In a veiled barb at US President George Bush who was in the audience, Annan on Tuesday cited Iraq's post-war chaos and the prisoner abuse scandal among "flagrant and topical" examples of disregard for fundamental laws.
"It is by rigorously upholding international law that we can and must fulfil our responsibility to protect innocent civilians from genocide, crimes against humanity and war crimes," Annan said as he began the UN General Assembly session.
A week after he had agreed in an interview that the US-led invasion of Iraq was illegal, Annan's address was largely seen as another dig at the United States.
"History will judge us very harshly if we let ourselves be deflected from this task or think we are excused from it by invocations of national sovereignty," he said.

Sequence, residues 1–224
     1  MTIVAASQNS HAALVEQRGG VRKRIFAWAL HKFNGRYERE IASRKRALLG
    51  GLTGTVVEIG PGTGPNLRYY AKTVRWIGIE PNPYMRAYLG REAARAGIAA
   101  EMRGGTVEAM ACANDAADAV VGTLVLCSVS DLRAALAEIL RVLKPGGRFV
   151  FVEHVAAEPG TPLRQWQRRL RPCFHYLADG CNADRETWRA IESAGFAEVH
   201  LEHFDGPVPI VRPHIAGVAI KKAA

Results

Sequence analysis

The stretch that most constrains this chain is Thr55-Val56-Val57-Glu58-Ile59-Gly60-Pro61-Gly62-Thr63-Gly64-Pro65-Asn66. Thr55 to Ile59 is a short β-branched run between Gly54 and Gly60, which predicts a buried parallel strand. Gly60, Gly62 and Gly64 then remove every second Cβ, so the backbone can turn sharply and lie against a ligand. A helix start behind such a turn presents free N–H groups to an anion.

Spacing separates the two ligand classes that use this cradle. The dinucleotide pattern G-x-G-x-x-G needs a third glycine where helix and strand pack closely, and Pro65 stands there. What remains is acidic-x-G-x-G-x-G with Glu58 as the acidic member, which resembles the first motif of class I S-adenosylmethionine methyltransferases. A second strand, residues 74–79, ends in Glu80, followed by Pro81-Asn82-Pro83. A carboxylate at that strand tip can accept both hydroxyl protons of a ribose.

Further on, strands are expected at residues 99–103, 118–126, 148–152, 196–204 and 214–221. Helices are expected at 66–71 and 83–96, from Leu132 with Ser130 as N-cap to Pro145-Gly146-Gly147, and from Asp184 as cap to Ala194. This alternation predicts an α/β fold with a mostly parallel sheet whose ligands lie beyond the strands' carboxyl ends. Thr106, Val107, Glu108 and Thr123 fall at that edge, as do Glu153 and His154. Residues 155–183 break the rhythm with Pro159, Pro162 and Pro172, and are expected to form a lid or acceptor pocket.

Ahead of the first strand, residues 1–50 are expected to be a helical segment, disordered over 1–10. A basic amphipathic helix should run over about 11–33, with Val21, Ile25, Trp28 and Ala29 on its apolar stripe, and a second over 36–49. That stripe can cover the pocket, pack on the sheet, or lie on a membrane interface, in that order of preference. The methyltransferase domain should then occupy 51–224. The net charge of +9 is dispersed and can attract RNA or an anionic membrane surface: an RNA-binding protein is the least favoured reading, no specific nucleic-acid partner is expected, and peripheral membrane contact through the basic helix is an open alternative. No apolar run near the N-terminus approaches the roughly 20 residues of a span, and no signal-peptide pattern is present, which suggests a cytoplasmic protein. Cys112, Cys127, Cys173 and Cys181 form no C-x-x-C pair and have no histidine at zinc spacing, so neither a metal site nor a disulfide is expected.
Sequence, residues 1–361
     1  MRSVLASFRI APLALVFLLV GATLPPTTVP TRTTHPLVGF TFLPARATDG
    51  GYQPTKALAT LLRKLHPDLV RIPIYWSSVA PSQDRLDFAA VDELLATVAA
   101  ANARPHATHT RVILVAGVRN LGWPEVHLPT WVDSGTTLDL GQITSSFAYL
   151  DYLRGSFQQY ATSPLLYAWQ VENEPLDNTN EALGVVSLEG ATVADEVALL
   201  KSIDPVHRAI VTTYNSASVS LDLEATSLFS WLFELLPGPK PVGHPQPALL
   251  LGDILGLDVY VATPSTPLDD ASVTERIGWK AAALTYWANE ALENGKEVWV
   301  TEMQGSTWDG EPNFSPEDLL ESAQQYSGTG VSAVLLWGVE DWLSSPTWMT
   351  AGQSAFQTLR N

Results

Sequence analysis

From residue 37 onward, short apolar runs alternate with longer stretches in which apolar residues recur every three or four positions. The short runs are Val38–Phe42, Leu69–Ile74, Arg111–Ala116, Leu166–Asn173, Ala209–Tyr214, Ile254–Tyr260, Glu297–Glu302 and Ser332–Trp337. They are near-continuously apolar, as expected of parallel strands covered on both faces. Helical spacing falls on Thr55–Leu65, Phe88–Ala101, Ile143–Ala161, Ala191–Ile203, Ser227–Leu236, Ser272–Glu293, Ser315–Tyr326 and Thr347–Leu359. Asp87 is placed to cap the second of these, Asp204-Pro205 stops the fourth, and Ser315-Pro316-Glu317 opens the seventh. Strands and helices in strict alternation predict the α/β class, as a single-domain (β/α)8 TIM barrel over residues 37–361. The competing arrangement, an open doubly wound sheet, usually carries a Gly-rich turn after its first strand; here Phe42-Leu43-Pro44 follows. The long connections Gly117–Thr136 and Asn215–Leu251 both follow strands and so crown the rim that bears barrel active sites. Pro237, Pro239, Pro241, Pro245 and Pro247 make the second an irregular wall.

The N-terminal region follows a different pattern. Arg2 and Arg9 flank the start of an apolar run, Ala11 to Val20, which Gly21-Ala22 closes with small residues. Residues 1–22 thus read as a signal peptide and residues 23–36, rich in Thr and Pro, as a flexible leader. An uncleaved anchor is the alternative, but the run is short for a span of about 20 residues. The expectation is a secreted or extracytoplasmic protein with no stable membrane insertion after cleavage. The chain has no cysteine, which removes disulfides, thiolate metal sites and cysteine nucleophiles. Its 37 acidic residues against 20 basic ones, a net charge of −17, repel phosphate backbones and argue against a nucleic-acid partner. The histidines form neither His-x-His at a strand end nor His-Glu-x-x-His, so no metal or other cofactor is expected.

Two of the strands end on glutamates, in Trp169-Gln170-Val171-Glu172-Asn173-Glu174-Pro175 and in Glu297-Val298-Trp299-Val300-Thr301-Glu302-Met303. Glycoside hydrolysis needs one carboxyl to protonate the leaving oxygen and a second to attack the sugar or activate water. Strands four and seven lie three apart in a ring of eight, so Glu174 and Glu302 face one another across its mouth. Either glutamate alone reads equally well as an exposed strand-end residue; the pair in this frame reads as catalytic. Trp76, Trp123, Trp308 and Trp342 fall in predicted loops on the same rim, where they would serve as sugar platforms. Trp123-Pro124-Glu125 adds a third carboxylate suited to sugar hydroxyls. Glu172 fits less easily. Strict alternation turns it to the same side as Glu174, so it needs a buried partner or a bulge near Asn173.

Besides Iraq, the UN chief's address also touched on the crisis in Darfur, the Russian school hostage tragedy and the Israeli-Palestinian crisis.
Annan was critical of the chaos
in post-war Iraq
"In Iraq, we see civilians massacred in cold blood while relief workers, journalists and other non-combatants are taken hostage and put to death in the most barbarous fashion," he said.
"At the same time, we have seen Iraqi prisoners disgracefully abused," he added.
Annan also repeated a warning he gave the assembly last year that the UN was at a "fork in the road" after the US decision to go to war without full backing from the Security Council.
"More than ever, the world needs an effective mechanism through which to see common solutions to common problems. That is what this organisation was created for," he said.